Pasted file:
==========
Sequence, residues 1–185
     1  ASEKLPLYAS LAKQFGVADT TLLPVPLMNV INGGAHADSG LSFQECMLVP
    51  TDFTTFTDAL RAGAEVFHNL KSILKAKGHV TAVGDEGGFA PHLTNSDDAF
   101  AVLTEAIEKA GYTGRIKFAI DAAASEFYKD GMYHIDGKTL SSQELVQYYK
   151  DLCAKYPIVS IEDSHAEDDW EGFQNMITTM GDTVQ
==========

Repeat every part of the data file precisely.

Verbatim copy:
Sequence, residues 1–185
     1  ASEKLPLYAS LAKQFGVADT TLLPVPLMNV INGGAHADSG LSFQECMLVP
    51  TDFTTFTDAL RAGAEVFHNL KSILKAKGHV TAVGDEGGFA PHLTNSDDAF
   101  AVLTEAIEKA GYTGRIKFAI DAAASEFYKD GMYHIDGKTL SSQELVQYYK
   151  DLCAKYPIVS IEDSHAEDDW EGFQNMITTM GDTVQ